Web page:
Skip to content


In Re: K.T.K. Thangamani - Court Judgment

LegalCrystal Citation
SubjectCriminal
CourtChennai High Court
Decided On
Case NumberCriminal Revn. No. 683 and Cri. Rev. Petn. No. 628 of 1950
Judge
Reported inAIR1951Mad610; (1951)IMLJ101
ActsMadras Security Prisoners' Rules, 1947 - Rule 17(2)
AppellantIn Re: K.T.K. Thangamani
Appellant AdvocateA. Ramachandran, Adv. for ;Row and Reddy
Respondent AdvocatePublic Prosecutor
DispositionProceedings quashed
Excerpt:
- .....strike from 1-11-1949 to 26-11-1949 and thereby committed an offence under rule17 (2) of the said rules. rule 17 (2) contemplatesthat:'if any security prisoner is guilty of a jail offence, which, by reason of his having frequently committed such offences or otherwise, is in the opinion of the superintendent not adequately punishable by him under the provisions of sub-rule 1, he may, with the approval of the government, forward such prisoner to the court of a magistrate of the first class or of a presidency magistrate, as the case may be, having jurisdiction, and such magistrate shall thereupon inquire into and try the charge so brought against the security prisoner, and upon conviction, shall sentence him to imprisonment for a term not exceeding one year.'it is admitted that in this.....
Judgment:

Govioda Menon, J.

1. The petitioner seeks to revise the order of the learned District-Magistrate of North Arcot passed in Cri. M. P. No. 52 of 1950 in C. C. No. 32 of 1950 holdingthat the Court has jurisdiction to take cognizance of the complaint against him and proceed with the enquiry and trial.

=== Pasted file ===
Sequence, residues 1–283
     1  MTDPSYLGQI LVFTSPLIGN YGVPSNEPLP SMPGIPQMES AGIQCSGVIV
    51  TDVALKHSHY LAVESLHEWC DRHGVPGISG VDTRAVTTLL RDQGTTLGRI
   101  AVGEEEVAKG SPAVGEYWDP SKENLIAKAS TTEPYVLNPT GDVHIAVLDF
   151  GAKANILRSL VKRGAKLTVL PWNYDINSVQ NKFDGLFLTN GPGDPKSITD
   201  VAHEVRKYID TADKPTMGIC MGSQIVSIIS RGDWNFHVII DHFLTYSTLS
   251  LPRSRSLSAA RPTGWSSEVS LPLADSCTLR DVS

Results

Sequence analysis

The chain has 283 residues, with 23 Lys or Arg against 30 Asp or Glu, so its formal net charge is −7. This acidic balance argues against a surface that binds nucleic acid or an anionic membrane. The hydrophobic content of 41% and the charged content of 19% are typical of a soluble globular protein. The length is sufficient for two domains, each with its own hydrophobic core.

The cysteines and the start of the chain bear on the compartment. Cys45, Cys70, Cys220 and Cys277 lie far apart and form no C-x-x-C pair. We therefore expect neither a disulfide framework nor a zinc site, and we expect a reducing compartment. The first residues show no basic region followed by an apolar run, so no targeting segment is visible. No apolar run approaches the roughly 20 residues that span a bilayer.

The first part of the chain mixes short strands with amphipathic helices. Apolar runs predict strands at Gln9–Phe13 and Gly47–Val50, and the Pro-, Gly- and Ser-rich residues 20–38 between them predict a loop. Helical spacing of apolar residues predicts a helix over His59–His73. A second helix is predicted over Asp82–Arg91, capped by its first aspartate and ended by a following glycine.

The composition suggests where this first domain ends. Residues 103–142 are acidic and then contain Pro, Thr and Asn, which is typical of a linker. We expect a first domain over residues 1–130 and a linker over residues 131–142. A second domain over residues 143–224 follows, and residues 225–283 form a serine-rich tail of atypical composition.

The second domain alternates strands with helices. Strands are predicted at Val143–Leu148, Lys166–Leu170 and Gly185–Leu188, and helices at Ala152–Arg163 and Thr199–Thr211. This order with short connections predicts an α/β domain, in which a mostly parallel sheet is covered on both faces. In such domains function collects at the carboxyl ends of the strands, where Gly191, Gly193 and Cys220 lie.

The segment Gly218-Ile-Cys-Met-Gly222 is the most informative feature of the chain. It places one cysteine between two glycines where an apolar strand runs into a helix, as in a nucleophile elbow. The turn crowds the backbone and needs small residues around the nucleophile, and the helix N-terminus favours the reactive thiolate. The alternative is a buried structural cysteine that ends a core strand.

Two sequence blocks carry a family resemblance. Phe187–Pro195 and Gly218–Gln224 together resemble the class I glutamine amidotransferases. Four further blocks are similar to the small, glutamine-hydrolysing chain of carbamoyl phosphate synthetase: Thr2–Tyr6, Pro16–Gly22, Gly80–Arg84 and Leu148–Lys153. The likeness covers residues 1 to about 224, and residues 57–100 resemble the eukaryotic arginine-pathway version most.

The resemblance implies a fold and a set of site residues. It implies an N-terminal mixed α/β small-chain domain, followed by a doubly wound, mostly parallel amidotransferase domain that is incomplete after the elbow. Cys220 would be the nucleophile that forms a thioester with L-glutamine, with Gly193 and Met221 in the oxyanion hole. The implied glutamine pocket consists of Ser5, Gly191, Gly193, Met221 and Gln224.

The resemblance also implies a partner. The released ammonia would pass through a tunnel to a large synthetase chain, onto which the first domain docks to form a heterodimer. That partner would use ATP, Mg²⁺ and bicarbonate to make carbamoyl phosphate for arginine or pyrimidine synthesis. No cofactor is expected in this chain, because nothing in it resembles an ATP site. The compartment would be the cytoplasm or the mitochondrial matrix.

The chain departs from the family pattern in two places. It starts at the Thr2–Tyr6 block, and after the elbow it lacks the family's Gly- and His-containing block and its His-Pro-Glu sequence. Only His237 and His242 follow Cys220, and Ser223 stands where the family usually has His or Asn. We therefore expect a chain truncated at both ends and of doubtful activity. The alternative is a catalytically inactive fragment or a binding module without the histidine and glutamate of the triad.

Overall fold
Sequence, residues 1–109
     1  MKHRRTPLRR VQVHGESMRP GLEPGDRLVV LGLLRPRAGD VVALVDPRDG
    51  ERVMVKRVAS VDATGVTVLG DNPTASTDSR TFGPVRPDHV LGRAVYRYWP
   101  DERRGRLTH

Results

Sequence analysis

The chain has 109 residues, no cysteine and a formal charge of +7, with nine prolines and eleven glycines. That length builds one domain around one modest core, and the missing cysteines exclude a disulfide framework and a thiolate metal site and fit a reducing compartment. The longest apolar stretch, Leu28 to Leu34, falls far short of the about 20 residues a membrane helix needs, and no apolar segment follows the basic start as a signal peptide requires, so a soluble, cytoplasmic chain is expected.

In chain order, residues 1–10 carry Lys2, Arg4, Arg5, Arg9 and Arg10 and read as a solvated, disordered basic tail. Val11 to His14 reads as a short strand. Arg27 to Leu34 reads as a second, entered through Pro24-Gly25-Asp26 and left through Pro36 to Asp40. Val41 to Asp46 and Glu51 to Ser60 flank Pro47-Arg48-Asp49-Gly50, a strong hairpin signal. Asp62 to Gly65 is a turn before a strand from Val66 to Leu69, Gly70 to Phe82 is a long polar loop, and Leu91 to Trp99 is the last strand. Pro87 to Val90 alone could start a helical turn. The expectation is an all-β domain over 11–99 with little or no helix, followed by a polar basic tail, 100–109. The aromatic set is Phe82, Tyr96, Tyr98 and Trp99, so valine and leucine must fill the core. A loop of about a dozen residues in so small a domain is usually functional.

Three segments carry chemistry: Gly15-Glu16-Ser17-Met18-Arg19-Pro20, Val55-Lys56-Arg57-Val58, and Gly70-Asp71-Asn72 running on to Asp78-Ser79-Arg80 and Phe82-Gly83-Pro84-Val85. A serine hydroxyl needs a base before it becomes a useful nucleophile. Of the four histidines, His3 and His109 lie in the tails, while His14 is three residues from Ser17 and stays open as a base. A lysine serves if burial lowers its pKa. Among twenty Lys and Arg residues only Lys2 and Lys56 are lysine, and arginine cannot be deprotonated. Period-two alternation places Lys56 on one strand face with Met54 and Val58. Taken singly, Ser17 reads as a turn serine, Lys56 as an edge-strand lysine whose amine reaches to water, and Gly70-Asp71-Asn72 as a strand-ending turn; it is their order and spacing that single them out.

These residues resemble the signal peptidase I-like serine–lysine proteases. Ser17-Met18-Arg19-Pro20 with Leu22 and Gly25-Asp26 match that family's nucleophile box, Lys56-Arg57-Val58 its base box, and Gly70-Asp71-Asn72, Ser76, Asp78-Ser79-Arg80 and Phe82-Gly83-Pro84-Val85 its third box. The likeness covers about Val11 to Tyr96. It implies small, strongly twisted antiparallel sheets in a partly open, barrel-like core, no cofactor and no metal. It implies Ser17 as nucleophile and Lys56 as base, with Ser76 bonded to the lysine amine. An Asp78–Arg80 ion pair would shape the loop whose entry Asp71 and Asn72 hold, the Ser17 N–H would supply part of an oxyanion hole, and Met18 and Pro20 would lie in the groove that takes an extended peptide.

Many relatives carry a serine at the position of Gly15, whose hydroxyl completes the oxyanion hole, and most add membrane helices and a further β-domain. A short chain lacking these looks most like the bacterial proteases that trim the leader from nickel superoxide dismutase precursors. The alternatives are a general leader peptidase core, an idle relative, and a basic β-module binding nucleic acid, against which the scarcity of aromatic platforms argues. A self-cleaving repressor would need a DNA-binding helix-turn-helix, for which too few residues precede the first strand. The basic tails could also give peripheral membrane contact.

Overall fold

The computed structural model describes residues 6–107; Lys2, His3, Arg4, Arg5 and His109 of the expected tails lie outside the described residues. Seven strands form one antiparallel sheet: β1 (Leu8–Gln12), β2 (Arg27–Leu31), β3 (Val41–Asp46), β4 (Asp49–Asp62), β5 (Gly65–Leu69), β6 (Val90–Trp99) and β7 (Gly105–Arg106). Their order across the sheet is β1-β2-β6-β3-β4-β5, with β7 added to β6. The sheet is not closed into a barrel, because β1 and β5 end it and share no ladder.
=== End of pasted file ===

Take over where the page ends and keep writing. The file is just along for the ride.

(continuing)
2. The petitioner is a detenu in the Central Jail at Vellore, having been confined there under the Madras Maintenance of Public Order Act of 1947. The complaint against him is that in violation of Clauses 6 and 9 of Rule 15, Madras Security Prisoners' Rules, 1947, he continued to be on hunger strike from 1-11-1949 to 26-11-1949 and thereby committed an offence under Rule17 (2) of the said Rules. Rule 17 (2) contemplatesthat:

'If any security prisoner is guilty of a jail offence, which, by reason of his having frequently committed such offences or otherwise, is in the opinion of the Superintendent not adequately punishable by him under the provisions of Sub-rule 1, he may, with the approval of the Government, forward such prisoner to the Court of a Magistrate of the first class or of a Presidency Magistrate, as the case may be, having jurisdiction, and such Magistrate shall thereupon inquire into and try the charge so brought against the security prisoner, and upon conviction, shall sentence him to imprisonment for a term not exceeding one year.'

It is admitted that in this case before the person was forwarded to the Magistrate or before a complaint was filed against him, specific approval of the Government was not obtained for the prosecution, and therefore it is contended that the initiation of the prosecution, without the Government considering the necessity or otherwise of a prosecution and giving their sanction for such a prosecution, is void and inoperative. On the other hand, on behalf of the State, it is contended by the learned Public Prosecutor, that the Memorandum No. 4934 dated 27-6-1949 has given general permission to all the Superintendents of jails for launching such prosecutions against security prisoners who are guilty of such offences and intimate the effect of such prosecutions alone to the Government. The Memorandum referred to is one sent by the Government of Madras to the Inspector General of Prisons, who in his turn, has forwarded it to the Superintendents, The last two sentences of this Memorandumare as follows: